Guest post: We’re all forced to take shortcuts

Originally a comment by Screechy Monkey on Putting ideology before science.

I think when it comes to medical or other technical subjects, we’re all forced to take shortcuts and rely on some heuristics. It’s just not possible to become an expert in gender medicine, climate science, evolutionary biology, and virology and infectious disease, to name just a handful of science-related controversies. So we look at things like what side do most of the credentialed experts take, how good are the best arguments made by their critics, what are the economic incentives and biases of the disputants, who seems to be arguing in good faith, etc.

And a lot of the time, this works quite well. You don’t have to look very hard at evolution/creation arguments before you notice that creationists tend to offer an argument on Tuesday that is shown to be an outright lie that even they don’t bother to defend, only to make that same bogus argument on Thursday to a different audience. And that they’re almost invariably arguing in support of a religious agenda, even when they try to hide it (“no, we’re cdesign proponentists!”) Etc.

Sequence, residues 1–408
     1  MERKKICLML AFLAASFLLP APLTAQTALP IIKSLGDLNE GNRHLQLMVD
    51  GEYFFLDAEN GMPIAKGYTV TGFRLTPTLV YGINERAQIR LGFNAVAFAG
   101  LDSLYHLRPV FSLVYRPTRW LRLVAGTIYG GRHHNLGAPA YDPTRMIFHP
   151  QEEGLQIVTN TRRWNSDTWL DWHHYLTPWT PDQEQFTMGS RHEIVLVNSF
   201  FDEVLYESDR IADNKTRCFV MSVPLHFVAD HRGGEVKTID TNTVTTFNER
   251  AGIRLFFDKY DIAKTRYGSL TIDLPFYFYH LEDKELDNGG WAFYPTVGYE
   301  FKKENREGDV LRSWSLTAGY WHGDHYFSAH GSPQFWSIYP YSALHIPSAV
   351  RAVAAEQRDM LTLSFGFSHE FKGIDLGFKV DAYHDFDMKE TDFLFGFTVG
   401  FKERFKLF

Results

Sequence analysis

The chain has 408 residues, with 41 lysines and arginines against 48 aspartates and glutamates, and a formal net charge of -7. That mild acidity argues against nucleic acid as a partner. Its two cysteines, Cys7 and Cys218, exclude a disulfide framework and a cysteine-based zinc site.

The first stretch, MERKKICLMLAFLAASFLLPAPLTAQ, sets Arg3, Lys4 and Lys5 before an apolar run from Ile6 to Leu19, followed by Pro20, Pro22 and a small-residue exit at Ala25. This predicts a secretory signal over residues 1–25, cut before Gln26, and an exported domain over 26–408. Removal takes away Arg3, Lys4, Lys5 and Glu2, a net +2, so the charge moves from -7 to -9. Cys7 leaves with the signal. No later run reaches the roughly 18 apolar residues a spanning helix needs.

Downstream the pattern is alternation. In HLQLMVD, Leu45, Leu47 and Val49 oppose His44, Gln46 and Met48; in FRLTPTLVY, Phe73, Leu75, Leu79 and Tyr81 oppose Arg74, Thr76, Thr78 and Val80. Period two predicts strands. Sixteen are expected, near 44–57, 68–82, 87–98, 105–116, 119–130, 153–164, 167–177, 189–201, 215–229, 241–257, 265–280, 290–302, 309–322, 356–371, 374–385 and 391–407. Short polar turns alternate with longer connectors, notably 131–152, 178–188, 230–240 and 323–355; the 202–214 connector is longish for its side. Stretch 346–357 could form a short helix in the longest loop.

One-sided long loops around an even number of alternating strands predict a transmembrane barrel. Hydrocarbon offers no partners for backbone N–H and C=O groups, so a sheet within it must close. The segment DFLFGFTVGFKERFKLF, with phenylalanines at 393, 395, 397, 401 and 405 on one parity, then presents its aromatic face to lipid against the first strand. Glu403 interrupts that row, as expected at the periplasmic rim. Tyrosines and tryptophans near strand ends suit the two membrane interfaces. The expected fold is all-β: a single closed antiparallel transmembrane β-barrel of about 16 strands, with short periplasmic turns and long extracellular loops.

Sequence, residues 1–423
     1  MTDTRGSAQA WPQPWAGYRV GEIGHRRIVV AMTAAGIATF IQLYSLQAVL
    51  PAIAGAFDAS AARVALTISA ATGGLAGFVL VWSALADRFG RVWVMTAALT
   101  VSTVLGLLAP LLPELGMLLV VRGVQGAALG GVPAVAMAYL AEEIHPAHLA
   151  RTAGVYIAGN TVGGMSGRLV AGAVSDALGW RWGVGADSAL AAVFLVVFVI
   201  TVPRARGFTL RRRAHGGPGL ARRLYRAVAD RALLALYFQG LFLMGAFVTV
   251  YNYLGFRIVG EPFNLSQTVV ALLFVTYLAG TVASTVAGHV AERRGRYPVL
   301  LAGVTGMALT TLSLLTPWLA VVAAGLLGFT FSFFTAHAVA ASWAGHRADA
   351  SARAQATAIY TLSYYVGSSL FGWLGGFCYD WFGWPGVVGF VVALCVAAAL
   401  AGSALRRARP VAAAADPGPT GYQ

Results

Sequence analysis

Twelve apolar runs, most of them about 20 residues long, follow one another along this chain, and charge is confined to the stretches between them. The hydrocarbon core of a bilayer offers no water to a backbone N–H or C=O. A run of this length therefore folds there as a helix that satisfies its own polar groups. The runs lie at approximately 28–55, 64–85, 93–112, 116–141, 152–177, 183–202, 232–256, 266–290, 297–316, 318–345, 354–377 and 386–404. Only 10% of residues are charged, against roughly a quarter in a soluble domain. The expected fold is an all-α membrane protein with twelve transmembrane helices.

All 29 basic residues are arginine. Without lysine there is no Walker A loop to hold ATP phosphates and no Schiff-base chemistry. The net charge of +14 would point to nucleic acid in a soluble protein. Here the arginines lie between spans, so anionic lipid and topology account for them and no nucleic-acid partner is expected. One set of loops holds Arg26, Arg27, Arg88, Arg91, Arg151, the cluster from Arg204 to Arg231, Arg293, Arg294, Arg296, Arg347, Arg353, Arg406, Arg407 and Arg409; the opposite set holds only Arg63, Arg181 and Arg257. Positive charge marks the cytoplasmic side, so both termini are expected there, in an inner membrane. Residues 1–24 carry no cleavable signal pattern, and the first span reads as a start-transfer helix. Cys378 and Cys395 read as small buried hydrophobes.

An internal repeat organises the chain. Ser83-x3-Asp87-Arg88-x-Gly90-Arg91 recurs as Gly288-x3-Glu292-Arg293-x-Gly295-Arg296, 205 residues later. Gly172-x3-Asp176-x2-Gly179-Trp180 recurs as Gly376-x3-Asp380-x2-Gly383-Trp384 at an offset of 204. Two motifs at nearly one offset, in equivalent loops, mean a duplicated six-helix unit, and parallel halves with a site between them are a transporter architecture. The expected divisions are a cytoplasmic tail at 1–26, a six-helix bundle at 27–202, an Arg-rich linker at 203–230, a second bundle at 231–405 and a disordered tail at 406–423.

And yeah, one of the criteria you might look at is who seems to be the “good guys.” Which can absolutely go wrong.

On gender medicine, you have a significant number of credentialed experts who insist that the science is settled, and they just want to help people live their lives, and a nontrivial amount of the opposition comes from religious right types who seem motivated by disgust and hatred rather than good faith intellectual disagreement. Sure, if you take a not-very-deep dive into the details, it becomes apparent that there’s a lot more going on, but very few people do that.

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